“Mathematics, rightly viewed, possesses not only truth, but supreme beauty”

Bertrand Russell, Mysticism and Logic (1919).

The beauty of mathematical formulations lies in abstracting, in simple equations, truths that have universal validity. Many—among them the mathematicians Bertrand Russell (1919) and Hermann Weyl (Dyson, 1956; Atiyah, 2002), the physicist Paul Dirac (1939) and the art critic Clive Bell (1914)—have written of the importance of beauty in mathematical formulations and have compared the experience of mathematical beauty to that derived from the greatest art (Atiyah, 1973). Their descriptions suggest that the experience of mathematical beauty has much in common with that derived from other sources, even though mathematical beauty has a much deeper intellectual source than visual or musical beauty, which are more “sensible” and perceptually based. Past brain imaging studies exploring the neurobiology of beauty have shown that the experience of visual (Kawabata and Zeki, 2004), musical (Blood et al., 1999; Ishizu and Zeki, 2011), and moral (Tsukiura and Cabeza, 2011) beauty all correlate with activity in a specific part of the emotional brain, field A1 of the medial orbito-frontal cortex, which probably includes segments of Brodmann Areas (BA) 10, 12 and 32 (see Ishizu and Zeki, 2011 for a review). Our hypothesis in this study was that the experience of beauty derived from so abstract an intellectual source as mathematics will correlate with activity in the same part of the emotional brain as that of beauty derived from other sources.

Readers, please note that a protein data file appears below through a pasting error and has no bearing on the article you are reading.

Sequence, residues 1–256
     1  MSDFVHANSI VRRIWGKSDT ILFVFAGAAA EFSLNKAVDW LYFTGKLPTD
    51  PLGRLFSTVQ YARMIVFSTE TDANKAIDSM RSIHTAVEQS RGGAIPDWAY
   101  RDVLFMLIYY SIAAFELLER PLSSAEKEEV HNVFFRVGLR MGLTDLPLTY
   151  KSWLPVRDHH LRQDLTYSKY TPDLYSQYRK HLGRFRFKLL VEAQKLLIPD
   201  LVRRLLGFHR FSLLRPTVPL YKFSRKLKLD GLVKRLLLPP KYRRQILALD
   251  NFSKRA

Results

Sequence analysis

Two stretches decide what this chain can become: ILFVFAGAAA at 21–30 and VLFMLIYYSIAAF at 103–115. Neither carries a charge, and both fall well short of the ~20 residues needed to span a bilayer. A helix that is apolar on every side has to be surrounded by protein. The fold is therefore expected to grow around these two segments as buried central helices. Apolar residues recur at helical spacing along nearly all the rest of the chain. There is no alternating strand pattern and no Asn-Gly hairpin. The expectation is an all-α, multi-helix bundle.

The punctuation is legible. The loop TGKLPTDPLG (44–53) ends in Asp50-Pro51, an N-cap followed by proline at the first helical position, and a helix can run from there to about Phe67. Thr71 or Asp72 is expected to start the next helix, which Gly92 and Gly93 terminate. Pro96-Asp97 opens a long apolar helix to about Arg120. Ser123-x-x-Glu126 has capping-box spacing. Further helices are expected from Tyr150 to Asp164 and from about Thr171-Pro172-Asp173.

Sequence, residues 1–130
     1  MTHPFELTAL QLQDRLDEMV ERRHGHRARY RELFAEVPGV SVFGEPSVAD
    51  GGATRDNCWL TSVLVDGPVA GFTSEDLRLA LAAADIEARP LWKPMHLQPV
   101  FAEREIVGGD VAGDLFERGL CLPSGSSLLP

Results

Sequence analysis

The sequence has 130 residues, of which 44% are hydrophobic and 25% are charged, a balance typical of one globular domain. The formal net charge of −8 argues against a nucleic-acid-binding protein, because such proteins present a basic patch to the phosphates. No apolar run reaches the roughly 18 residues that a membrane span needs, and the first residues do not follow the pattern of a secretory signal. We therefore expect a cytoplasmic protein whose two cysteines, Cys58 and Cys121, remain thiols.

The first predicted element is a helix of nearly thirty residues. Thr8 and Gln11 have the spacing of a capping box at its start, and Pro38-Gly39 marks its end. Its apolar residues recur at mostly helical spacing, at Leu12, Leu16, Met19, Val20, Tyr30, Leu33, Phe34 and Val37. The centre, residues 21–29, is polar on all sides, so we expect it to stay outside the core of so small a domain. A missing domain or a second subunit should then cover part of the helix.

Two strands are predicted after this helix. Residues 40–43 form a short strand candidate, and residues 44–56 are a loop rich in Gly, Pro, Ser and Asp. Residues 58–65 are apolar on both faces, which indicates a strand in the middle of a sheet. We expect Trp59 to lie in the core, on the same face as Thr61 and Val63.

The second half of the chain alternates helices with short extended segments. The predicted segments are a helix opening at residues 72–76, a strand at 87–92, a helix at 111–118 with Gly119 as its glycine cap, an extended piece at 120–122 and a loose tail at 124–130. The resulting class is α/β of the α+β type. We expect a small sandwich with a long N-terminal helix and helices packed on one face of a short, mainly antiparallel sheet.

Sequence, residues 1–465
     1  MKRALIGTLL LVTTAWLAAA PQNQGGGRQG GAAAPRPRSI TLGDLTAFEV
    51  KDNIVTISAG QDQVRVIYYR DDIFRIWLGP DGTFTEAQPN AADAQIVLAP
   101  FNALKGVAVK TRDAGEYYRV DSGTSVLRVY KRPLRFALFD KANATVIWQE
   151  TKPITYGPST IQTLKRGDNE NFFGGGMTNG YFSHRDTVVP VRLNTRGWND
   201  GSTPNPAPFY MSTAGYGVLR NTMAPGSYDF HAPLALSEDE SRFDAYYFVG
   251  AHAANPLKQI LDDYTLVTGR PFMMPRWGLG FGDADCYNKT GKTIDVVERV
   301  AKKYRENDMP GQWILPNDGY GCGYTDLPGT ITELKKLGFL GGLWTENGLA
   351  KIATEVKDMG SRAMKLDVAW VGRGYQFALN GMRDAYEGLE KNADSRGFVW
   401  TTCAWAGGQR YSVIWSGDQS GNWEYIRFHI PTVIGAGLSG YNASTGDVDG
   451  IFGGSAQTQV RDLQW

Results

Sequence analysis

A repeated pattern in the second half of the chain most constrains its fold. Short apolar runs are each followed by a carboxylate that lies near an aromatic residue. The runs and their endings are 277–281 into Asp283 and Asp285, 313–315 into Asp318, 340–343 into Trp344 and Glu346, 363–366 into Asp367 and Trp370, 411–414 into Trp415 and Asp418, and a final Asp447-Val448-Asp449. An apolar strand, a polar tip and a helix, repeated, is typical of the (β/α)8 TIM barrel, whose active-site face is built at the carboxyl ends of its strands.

Plato (1929) thought that “nothing without understanding would ever be more beauteous than with understanding,” making mathematical beauty, for him, the highest form of beauty. The premium thus placed on the faculty of understanding when experiencing beauty creates both a problem and an opportunity for studying the neurobiology of beauty. Unlike our previous studies of the neurobiology of musical or visual beauty, in which participating subjects were neither experts nor trained in these domains, in the present study we had, of necessity, to recruit subjects with a fairly advanced knowledge of mathematics and a comprehension of the formulae that they viewed and rated. It is relatively easy to separate out the faculty of understanding from the experience of beauty in mathematics, but much more difficult to do so for the experience of visual or musical beauty; hence a study of the neurobiology of mathematical beauty carried with it the promise of addressing a broader issue with implications for future studies of the neurobiology of beauty, namely the extent to which the experience of beauty is bound to that of “understanding.”

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In Memoriam: Hartley Rogers, Jr.